On the surface, the fact that Gonzalo Higuain has only made a trio of appearances for Argentina's national team appears to be a huge oversight.
Higuain is, after all, being touted as the next Gabriel Batistuta, and if his current form for Real Madrid is any indication he'll be one of the players to watch at next summer's World Cup in South Africa.
But when you delve deeper into his past, it's easy to understand why the multi-talented striker hasn't featured more prominently for the Albicelestes.
Cut his teeth at River Plate
A prodigy with Buenos Aires club River Plate, Higuain was only 19 years old when he signed a 6 ½-year contract with Real Madrid in 2006, his reputation as one of the hottest prospects in South American soccer confirmed by the $19.7-million Cdn transfer fee paid out by the fabled Spanish side.
Higuain, now 22, was used sparingly in his first season and a half with los blancos, but last year came the breakthrough: the Argentine ace scored an impressive 22 goals to finish fifth in the league scoring race, displacing team legend Raul as Real Madrid's No. 1 forward.
Higuain has it all — breakneck speed, sublime dribbling skills and a pile driver of a shot. He's also as versatile as he is deadly in front of the goal, able to play either as a target man, a deep-lying forward or out on the right wing.
So why has he only earned three measly caps? Maybe because for all of his decisiveness during the course of a game, Higuain showed just as much indecisiveness away from the field before finally pledging his allegiance to Argentina.
Higuain was born in Brest, France, where his father, former River Plate defender Jorge Higuain, played for Stade Brest 29 in the French first division. The family moved to Argentina when Gonzalo was still a baby, but he was eligible to represent either Argentina or France in international play by virtue of being born on French soil.
When Higuain first started turning heads at River Plate, both Alfio Basile, then manager of the Argentine national team, and French counterpart Raymond Domenech were anxious to have him on their rosters.
But Higuain refused call-ups from both France and Argentina, choosing instead to carefully weigh his options before committing himself. Only in 2007, after being publicly courted by both nations, did he declare his intention to play for Argentina.
Turned down U-20 invite
That same year he turned down an invite to play at the FIFA U-20 World Cup in Canada. He was barely missed as Argentina won the tournament in style, but his decision to snub his country's youth team resulted in him only making his senior team debut this past October, despite being in a rich vein of form for Real Madrid.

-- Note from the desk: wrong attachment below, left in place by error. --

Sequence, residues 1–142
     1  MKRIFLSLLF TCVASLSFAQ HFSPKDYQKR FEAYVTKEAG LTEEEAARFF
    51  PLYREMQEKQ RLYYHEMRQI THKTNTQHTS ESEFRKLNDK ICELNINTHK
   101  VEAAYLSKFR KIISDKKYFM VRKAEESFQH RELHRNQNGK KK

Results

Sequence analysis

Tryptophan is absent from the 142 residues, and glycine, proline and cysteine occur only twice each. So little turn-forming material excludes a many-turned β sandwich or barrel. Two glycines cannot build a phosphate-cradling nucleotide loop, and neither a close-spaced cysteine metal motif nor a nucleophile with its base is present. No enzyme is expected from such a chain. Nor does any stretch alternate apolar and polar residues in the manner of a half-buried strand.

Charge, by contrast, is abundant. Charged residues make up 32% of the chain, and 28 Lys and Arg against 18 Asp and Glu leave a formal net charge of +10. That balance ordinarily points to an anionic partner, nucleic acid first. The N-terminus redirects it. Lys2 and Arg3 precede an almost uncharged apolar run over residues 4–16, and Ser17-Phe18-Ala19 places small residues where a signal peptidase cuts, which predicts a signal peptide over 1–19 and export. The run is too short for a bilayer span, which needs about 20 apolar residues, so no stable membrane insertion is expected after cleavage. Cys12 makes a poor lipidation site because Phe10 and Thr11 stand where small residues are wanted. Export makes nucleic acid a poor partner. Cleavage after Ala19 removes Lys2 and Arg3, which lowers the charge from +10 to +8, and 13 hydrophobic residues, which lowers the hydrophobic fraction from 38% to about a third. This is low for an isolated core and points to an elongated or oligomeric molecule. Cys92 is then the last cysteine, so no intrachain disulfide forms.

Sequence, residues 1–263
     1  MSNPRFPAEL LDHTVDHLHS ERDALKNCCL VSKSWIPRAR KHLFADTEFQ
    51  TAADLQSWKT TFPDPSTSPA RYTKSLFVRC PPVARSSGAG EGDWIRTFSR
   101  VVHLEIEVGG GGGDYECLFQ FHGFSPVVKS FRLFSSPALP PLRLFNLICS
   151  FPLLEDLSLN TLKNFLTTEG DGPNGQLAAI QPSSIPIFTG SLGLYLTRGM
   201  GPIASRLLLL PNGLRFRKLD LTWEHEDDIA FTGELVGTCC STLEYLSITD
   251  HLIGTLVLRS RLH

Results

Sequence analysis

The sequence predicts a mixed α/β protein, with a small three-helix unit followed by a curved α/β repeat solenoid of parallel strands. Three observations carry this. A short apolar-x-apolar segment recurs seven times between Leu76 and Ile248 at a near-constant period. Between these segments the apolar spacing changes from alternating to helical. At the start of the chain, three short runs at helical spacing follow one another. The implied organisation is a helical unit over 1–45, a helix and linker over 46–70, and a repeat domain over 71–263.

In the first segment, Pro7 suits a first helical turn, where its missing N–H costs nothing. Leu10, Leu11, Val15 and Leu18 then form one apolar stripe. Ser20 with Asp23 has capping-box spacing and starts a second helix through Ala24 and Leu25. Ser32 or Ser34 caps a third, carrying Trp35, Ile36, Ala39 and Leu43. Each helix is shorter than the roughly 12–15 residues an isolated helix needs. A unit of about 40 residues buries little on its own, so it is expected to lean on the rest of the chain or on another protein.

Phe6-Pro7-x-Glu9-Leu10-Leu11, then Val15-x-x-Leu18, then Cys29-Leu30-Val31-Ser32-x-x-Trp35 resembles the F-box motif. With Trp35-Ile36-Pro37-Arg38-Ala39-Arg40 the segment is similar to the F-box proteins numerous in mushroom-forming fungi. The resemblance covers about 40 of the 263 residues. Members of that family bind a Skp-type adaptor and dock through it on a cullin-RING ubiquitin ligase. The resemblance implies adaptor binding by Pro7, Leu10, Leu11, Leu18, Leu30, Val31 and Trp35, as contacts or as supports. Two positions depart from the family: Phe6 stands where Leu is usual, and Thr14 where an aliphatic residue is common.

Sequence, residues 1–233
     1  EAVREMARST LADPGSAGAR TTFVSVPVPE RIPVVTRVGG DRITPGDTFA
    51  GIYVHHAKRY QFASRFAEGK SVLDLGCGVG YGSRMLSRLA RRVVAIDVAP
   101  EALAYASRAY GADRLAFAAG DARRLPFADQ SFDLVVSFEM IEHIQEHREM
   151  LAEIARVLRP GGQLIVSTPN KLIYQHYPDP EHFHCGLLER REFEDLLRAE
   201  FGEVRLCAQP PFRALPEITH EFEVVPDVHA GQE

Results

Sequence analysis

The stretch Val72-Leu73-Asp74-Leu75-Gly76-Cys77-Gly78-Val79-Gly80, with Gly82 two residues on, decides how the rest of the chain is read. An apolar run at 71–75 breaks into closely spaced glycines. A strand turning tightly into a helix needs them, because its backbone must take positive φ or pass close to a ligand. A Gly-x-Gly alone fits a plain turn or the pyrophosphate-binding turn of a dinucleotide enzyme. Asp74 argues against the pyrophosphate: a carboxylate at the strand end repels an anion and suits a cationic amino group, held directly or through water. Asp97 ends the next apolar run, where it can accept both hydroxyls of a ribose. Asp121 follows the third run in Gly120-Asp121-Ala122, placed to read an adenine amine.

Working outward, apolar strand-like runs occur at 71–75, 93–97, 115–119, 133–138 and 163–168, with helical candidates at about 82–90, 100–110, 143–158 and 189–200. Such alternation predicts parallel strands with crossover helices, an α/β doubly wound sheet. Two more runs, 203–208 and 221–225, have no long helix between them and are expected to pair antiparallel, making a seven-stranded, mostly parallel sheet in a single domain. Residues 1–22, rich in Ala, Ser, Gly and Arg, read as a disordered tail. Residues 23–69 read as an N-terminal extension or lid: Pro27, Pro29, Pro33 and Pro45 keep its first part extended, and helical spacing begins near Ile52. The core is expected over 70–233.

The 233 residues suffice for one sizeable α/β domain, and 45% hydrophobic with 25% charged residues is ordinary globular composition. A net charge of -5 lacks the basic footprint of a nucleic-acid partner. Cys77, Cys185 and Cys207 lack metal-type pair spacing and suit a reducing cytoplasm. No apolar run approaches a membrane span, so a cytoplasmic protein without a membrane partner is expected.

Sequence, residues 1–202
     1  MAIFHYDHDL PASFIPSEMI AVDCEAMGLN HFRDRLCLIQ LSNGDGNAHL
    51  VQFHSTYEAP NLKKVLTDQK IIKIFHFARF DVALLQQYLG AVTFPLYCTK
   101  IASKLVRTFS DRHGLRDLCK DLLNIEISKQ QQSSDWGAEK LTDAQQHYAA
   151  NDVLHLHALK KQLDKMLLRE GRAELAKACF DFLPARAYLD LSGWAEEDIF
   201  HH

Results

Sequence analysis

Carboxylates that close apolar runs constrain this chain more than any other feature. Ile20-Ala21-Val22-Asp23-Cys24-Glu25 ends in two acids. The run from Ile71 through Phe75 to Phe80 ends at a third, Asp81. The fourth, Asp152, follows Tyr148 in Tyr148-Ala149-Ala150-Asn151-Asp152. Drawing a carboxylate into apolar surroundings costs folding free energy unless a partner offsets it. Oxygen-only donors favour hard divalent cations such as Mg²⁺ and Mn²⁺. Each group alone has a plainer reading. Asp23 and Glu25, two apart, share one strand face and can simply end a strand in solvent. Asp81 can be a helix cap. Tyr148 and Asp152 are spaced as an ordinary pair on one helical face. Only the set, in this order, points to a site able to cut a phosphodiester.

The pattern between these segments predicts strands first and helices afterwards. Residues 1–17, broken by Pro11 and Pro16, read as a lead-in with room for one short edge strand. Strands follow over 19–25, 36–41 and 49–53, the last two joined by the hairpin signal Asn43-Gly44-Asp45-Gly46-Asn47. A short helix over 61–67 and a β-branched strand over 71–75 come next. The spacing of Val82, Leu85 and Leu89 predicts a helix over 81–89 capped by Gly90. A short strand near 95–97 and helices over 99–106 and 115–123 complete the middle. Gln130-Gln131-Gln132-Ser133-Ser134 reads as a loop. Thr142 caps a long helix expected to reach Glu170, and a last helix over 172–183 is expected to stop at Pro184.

Unimpressed with Higuain's perceived lack of patriotism, national team manager Diego Maradona punished him by making him wait.
"Higuain turned down the opportunity to play at the U-20 World Cup two years ago, and for Maradona there are few bigger crimes than to turn down a call-up from Argentina," Tim Vickery, a Rio-based reporter and expert on South American soccer, told CBCSports.ca.
"For Maradona that's a serious flaw and Higuain had to pay a little spell penance for that before he got his chance."
Few represented their country with greater distinction during their playing careers than Maradona, who couldn't understand why Higuain wouldn't jump at the chance to play for Argentina, even at the youth level.
For all the fame and fortune he earned during his club career, Maradona said the proudest moments of his playing career came while he was wearing the famous baby blue and white stripped jersey of the Argentine national team.
Made national team debut in October
Little wonder Maradona didn't roll out the red carpet for Higuain when he took over as national team manager in October 2008.
But with his team in real danger of missing out on next year's World Cup, Maradona finally broke down and called up Higuain with two games remaining in the South American qualifiers — two games that Argentina had to win in order to ensure qualification.
Higuain wasted little time, scoring in his debut on Oct. 11 in a 2-1 win over Peru, and playing a key role in Argentina's 1-0 victory over Uruguay in Montevideo three days later.
The path is now clear for Higuain, fresh off a two-goal performance this past weekend in Real Madrid's 3-2 win over Valencia, to lead to the line for Argentine next year in South Africa.
But before he does that, he's set his sights on winning the Spanish league title with Real Madrid and the Pichichi trophy as the top scorer.
"Overcoming the 22 league goals I got last year would be very important to me because of the progression that means. I am young and still have room for improvement," Higuain told Spanish sports daily AS.
"I am at my best since coming to Madrid, full of confidence in what I do and what we do. The Pichichi is a dream for me and also a goal, like any striker, but only if accompanied by the league title."
Spoken like a true team player and music to Maradona's ears.